PM chairs strike meeting
A majority of the public think Wednesday's strikes should not go ahead, according to a poll published tonight. The ComRes survey for ITV found 51% of respondents thought the industrial action would not be successful and should not therefore go ahead.
Earlier, David Cameron chaired a civil contingency meeting to prepare for Wednesday's strikes. The Prime Minister's spokesman also told reporters this afternoon that the Government had yet to receive a response from union leaders to their offer on public sector pensions.
The meeting followed Michael Gove's attack this morning on "militant" union leaders. The Education Secretary hit out at "hard liners, the militants itching for a fight" ahead of Wednesday's strike on public sector pensions. He singled out PCS leader Mark Serwotka and Unite's Len McCluskey and Andrew Murray, saying that militant was a "badge that fits". The Education Secretary gave a hard-hitting speech arguing the strikers want to make life as difficult as possible for parents and workers.
Answering questions from the audience afterwards, Mr Gove said he was referring to Mark Serwotka of the PCS union, and Andrew Murray and Len McCluskey of Unite. Clarifying that he was not attacking the teaching unions, he added: "Militant is a badge that fits."
Today Labour leader Ed Miliband said he did not support the strike action either. He said: "I don't support strikes because they are always a sign of failure." Ministers have continued to roundly condemn the strikes, with Danny Alexander warning this morning that increasingly heated rhetoric from the trade unions on public sector pensions was a "big distraction" and could make it "harder to get the deal that we all want".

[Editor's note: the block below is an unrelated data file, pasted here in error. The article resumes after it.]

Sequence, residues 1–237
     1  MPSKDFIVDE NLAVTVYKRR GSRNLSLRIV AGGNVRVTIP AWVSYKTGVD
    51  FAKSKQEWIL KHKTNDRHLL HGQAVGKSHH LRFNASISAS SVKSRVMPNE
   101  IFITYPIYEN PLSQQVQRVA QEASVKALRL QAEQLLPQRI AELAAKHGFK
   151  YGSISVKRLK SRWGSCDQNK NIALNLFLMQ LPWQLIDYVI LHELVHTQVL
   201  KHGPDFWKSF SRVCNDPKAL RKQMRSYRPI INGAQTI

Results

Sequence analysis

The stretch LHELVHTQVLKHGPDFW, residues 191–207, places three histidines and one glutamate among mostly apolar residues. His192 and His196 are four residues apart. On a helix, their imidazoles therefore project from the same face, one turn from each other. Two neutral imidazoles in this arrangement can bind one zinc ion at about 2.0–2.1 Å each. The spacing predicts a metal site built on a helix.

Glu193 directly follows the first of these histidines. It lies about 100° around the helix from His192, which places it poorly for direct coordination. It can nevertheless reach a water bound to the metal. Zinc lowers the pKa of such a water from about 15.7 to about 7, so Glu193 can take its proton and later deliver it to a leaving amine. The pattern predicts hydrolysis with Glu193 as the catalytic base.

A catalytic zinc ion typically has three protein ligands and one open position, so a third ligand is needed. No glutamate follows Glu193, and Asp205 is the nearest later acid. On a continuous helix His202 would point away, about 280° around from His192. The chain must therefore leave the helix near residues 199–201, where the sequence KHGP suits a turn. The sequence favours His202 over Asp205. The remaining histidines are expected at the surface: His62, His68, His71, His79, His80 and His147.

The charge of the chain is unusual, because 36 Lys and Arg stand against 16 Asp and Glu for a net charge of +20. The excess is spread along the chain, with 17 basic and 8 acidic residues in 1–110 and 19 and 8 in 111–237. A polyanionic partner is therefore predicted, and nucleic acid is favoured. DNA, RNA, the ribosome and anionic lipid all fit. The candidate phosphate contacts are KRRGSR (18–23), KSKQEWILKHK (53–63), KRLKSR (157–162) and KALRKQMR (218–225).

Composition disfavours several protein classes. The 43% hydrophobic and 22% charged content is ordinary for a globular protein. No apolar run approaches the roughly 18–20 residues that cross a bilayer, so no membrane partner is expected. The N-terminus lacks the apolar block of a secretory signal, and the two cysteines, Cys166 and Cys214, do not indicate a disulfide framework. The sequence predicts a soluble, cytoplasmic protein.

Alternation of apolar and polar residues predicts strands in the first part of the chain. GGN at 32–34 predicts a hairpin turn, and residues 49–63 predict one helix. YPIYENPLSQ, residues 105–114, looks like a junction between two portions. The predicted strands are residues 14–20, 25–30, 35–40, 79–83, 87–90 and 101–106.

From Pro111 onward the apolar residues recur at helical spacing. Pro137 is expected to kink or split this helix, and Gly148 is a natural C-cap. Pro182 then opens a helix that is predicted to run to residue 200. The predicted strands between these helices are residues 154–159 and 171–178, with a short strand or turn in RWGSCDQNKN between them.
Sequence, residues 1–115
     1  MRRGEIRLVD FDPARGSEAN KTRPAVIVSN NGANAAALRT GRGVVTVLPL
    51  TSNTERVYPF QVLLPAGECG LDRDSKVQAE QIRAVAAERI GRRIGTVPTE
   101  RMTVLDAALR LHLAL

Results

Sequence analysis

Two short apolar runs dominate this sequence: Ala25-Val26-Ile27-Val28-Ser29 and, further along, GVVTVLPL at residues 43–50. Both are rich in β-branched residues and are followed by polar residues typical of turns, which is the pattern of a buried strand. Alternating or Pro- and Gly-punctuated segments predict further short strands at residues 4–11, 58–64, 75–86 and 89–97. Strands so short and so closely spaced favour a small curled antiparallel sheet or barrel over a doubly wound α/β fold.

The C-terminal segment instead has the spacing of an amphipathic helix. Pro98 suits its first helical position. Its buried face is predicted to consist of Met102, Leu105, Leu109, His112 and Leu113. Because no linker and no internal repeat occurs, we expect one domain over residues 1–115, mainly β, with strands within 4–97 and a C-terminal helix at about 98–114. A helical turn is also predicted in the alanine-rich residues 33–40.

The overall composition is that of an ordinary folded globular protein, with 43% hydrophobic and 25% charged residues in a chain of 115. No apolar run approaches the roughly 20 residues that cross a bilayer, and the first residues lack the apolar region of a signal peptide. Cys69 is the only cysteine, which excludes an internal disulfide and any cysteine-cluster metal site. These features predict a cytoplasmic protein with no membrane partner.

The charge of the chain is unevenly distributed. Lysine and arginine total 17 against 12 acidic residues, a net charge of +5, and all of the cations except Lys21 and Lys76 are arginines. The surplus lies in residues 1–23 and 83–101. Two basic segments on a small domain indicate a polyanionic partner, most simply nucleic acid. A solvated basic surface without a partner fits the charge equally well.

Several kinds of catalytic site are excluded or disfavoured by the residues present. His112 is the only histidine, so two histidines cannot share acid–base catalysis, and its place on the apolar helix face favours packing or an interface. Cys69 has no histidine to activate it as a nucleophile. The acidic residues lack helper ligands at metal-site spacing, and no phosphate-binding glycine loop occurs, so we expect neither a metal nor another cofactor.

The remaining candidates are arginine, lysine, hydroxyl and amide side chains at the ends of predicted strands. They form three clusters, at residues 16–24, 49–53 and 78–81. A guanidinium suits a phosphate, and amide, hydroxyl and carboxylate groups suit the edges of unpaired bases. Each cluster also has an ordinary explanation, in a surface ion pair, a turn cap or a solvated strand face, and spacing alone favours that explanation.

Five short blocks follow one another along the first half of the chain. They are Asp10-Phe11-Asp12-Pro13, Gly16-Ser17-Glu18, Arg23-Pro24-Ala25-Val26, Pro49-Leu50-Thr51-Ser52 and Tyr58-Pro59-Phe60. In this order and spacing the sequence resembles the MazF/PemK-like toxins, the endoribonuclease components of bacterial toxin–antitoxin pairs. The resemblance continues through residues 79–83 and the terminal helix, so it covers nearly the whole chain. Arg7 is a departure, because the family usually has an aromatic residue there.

Unite General Secretary Mr McCluskey accused Mr Maude of “doublespeak”, and said the Government had been “intransigent” in negotiations until the unions had threatened to ballot on strikes. Christine Blower, General Secretary of the NUT, told the Guardian that Wednesday's strikes could be just the start, and ministers would be wrong it they thought they could "weather the storm of next Wednesday and assume unions would go quietly".
In an exclusive interview with PoliticsHome, Tory backbencher Jacob Rees-Mogg said that the strikes were "idiotic" and led by "greedy" unions, adding that the deals given to the unions was "fantastic and probably too generous".